in collaboration with the Sportsecyclopedia.com
In what will become called the “Miracle at Merion,” Ben Hogan wins an 18-hole playoff over Lloyd Mangrum and George Fazio. Hogan had won the 1948 U.S. Open but suffered a near-fatal accident on February 2, 1949. Doctors thought Ben Hogan would never walk again, let alone play golf after the accident. Ben Hogan would go on to win the PGA Player of the Year award in 1950.
Ben Hogan was born on August 13, 1912, deep in the heart of Stephenville, Texas. Turning professional right at high school, Hogan was hardly an overnight sensation as he struggled through his first decade and lived in poverty while working as a club pro in Texas. In 1940, Ben Hogan finally tasted victory and soon became addicted to winning, as he won three straight tournaments the first of his career. Over the next three years, Ben Hogan, who lived with his wife’s family, became the PGA’s top money winner in 1940, 1941, and 1942 before serving in the U.S. Army Air Forces during World War II.
After returning from the service, Ben Hogan picked up where he left off, and was the PGA’s leading money winner again in 1946, winning the PGA Championship for his first major title. In 1948, Ben Hogan had his best season to date, winning his first career U.S. Open title, and winning the PGA Championship for the second time as he was the tour’s leading money winner for the fifth time. Hogan was off to a great start in 1949, winning the Bing Crosby Pro-Am and the Long Beach Open in January.
Returning home from the Phoenix Open, Ben Hogan crashed into a Greyhound Bus on a foggy morning on February 2, 1949. Initial reports stated that Hogan was killed in the crash, but he survived suffering several serious injuries. Included in the injuries as a double fracture of his pelvis, a broken collar bone, a broken ankle, and broken ribs. Hogan later suffered near-fatal blood clots as he spent two months in the hospital.
Ben Hogan missed the 1949 season recovering from the accident. After returning in January of 1950, most doubted he could return to the championship level. He would have a strong showing at the Masters, finishing fourth, giving hope that he could again become one of the top golfers in the world.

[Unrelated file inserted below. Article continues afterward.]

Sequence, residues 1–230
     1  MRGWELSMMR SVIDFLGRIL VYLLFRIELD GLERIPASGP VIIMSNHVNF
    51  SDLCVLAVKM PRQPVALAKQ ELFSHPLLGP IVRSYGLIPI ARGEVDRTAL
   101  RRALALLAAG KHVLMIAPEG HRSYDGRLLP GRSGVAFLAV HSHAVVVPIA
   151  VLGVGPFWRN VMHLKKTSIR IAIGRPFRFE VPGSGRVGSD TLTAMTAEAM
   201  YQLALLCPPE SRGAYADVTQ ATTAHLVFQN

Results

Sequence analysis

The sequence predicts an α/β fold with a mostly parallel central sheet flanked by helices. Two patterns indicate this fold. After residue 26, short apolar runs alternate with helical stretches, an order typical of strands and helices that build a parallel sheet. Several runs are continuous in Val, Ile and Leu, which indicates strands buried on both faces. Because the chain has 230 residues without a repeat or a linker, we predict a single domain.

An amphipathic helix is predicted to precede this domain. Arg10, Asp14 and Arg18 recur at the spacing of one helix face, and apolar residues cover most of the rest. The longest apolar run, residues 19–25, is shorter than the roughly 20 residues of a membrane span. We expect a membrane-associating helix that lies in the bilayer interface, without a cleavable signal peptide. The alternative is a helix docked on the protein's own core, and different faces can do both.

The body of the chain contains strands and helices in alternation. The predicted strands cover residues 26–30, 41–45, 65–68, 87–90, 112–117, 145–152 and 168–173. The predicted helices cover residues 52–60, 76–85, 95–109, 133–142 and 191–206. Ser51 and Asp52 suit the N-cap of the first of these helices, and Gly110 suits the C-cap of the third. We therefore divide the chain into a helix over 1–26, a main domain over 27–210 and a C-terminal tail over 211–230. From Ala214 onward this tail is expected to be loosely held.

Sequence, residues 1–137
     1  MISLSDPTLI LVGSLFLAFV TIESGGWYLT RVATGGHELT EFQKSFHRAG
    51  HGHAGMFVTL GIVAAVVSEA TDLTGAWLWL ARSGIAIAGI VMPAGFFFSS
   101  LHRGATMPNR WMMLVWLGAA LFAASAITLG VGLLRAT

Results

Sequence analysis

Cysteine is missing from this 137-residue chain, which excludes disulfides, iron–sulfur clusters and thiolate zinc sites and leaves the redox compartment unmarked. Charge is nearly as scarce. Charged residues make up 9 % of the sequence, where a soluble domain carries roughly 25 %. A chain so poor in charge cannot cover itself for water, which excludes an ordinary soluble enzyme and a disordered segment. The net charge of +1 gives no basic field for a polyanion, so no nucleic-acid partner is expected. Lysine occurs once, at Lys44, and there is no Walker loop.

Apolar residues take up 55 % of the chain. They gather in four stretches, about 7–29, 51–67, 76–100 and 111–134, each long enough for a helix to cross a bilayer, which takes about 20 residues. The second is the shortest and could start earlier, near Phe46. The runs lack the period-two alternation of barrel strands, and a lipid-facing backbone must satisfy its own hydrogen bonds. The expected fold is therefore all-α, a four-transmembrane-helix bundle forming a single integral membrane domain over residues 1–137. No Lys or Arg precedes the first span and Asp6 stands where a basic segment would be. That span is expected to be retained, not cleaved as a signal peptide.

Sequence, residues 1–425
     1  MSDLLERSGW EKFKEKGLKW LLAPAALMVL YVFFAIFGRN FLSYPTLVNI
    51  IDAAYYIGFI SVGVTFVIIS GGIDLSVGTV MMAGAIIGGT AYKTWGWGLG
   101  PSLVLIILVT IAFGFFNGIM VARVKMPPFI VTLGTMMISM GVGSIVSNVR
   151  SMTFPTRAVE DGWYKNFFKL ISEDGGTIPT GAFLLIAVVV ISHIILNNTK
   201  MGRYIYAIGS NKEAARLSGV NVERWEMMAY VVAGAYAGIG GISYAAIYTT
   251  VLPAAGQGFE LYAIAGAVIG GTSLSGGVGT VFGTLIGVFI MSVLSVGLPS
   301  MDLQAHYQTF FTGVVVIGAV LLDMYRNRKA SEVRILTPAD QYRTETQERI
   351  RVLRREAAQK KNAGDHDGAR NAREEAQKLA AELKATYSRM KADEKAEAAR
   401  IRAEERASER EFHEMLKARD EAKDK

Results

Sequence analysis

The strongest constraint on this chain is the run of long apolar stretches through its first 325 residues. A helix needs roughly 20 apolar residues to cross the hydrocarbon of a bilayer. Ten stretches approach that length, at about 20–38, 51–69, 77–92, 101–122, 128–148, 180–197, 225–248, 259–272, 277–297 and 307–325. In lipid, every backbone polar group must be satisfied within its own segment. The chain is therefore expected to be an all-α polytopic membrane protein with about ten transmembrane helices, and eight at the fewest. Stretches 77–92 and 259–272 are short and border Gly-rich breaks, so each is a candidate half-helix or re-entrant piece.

The 1950 U.S. Open was held at the Merion Golf Club in suburban Philadelphia. Ben Hogan made his first U.S. Open appearance on the same course in 1934. Lee Mackey ruled the course in the first round, shooting a six-under-par 64, holding a three-shot lead over Al Brosch. Hogan, meanwhile, was at +2, shooting a 72. The 64 was an 18-hole record at the U.S. Open.
Lee Mackey, who was the Cinderella story on Thursday, turned into a pumpkin on Friday, with an 11 over, 81. It was a rough day for most on the course, as Dutch Harrison, who shot a 67, was the only golfer under par after 36 holes. Ben Hogan had a satisfying 69 and was one over for the tournament heading into the weekend.
On moving day, it was Lloyd Mangrum moving to the top of the leaderboard with a 69. Mangrum was one over for the tournament, with a one-stroke lead over Dutch Harrison and a two-stroke lead over Ben Hogan, Carry Middelcoff, and Johnny Palmer.
In what be one of the ugliest final rounds in the history of golf, the course was merciless and unforgiving as birdies were rare. Mangrum had six bogies on his first seven holes to drop to +6. All other contenders were doing just as poorly as Ben Hogan at +4 was suddenly in the lead at the turn. George Fazio had the top round, shooting a par-70, as his +7 became the clubhouse lead. Hogan, with a bogey on the 17th hole, also found himself at +7, while Lloyd Mangrum settled down from his ugly start and also finished at seven-over par (287).
With a three-way tie, there would be an 18-hole playoff on Monday. Lloyd Mangrum held an early lead with a birdie on the second hole but gave it back with a bogey on three. Through five holes, all golfers were at level par as George Fazio erased a bogey on one with a birdie on two. On the seventh hole, Ben Hogan took the lead with a birdie, but like Mangrum gave in back the very next hole. After nine holes, both Hogan and Mangrum were even, while Fazio was a stroke back at +1. Ben Hogan played steady golf on the back nine, as Lloyd Mangrum began to falter, and George Fazio faded away. Hogan took the lead for good when Mangrum had a bogey on the 12th. Holding a three-stroke lead, Ben Hogan sealed the win with a birdie on the 17th hole, shooting a one-under-par 69. Lloyd Mangrum finished second with a 73, while George Fazio finished five over at 75.
Ben Hogan would win both the Masters and U.S. Open in 1951. In 1953, he would become the first golfer to take three modern majors by winning the Masters, US Open, and the British Open. It was the only time in his career that Hogan competed in The Open Championship. Overall, Ben Hogan won nine major titles in his career only Jack Nicklaus (18), Tiger Woods (15), and Walter Hagen (11) have won more.